Mobilization of By-Passed Oil by Viscous Crossflow in EOR Processes
K.S. Sorbie and A. Skauge
Event name: IOR 2019 – 20th European Symposium on Improved Oil Recovery
Publication date: 08 April 2019
Info: Extended abstract, PDF ( 3.96Mb )
Price: € 20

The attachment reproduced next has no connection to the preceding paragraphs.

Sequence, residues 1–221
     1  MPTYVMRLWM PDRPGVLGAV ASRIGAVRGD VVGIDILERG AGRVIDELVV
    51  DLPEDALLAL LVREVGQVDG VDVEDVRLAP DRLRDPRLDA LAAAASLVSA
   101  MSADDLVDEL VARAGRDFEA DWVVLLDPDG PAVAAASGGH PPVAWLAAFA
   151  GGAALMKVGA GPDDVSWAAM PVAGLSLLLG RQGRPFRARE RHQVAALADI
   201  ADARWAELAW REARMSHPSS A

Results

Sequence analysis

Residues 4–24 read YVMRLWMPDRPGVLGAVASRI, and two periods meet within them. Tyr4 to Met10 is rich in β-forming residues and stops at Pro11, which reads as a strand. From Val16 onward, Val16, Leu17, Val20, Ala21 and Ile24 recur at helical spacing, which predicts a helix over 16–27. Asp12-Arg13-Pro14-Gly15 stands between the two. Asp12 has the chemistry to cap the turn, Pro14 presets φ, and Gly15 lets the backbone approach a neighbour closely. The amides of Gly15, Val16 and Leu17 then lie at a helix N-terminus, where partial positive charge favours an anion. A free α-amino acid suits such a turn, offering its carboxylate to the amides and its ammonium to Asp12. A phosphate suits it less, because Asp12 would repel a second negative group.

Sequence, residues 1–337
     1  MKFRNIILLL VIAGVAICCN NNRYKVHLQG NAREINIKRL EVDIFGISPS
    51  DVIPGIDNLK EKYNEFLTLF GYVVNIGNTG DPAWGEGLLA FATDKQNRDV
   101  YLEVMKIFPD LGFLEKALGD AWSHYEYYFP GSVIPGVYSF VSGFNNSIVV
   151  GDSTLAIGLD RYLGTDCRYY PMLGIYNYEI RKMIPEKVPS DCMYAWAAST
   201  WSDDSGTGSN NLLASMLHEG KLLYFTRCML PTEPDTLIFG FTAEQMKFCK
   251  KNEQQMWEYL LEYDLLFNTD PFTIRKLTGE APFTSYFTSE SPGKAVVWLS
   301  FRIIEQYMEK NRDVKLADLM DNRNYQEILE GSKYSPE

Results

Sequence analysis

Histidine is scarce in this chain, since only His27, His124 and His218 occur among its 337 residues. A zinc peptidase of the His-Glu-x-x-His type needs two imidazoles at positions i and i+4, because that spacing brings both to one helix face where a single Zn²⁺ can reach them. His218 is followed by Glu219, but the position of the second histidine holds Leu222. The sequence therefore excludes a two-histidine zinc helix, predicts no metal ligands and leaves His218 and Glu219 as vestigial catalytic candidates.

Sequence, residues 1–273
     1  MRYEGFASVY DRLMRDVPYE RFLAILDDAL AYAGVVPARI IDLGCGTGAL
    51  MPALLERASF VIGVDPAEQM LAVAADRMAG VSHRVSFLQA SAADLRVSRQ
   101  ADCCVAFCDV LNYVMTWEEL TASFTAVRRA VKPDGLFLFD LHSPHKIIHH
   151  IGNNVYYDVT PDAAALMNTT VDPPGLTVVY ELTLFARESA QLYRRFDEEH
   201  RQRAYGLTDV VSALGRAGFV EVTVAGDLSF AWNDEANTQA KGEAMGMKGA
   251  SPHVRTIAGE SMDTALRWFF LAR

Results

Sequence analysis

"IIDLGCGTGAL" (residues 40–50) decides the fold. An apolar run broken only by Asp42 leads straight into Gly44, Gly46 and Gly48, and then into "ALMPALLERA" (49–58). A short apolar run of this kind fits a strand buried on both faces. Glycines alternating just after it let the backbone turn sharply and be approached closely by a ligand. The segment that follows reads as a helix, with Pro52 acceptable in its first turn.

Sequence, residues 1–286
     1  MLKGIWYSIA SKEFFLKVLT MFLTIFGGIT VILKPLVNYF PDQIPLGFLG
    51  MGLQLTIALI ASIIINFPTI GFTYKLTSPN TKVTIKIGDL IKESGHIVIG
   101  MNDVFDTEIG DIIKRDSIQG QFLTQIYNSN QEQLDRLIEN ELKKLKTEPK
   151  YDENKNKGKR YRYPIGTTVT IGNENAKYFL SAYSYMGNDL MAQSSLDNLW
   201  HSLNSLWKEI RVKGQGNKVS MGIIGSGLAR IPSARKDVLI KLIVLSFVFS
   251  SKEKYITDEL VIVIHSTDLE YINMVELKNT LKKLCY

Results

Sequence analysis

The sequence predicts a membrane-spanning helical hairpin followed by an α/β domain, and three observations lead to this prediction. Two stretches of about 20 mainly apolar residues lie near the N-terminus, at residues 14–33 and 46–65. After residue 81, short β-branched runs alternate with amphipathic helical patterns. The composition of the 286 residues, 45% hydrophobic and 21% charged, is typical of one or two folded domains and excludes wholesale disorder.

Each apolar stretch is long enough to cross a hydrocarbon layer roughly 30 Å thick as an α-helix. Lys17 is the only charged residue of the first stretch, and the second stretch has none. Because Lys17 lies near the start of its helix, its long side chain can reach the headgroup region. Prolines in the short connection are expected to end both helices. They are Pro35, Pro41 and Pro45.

We believe that the main target oil for all EOR methods is essentially “bypassed oil” at several length scales from the pore scale, to the core scale, to the bed-form scale, to the reservoir layer scale; indeed, at all the scales of heterogeneity present in an oil reservoir. Thus, a waterflood applied as a secondary recovery process will “bypass” oil at all of these scales leaving behind potentially mobile oil, resulting in a lowered recovery factor. The role of most EOR processes – and here we specifically focus on polymer flooding and WAG – is to improve oil recovery by producing as much of this bypassed oil at all scales as is physically possible. Conventional polymer flooding is often described as simply “mobility control” implying that a viscous oil linear displacement efficiency may be improved by viscosifying the injected brine. In fact, this is a secondary effect in most polymer floods in the field, even for viscous oils. Frequently, a more important mechanism is viscous crossflow (VX), not just in layered reservoir systems (where it is indeed an efficient mechanism), but in any heterogeneous reservoir system. Where there is heterogeneity at the pore scale, core scale and upwards, this viscous crossflow mechanism is generally present and is the main, or at least an important, contributor to oil recovery improvement. In this paper, we will use examples from various studies of polymer displacements at the pore, core and field scales to demonstrate the above claims. Furthermore, recent work now shows that the VX mechanism also plays an important role in near-miscible WAG which will also be described briefly here.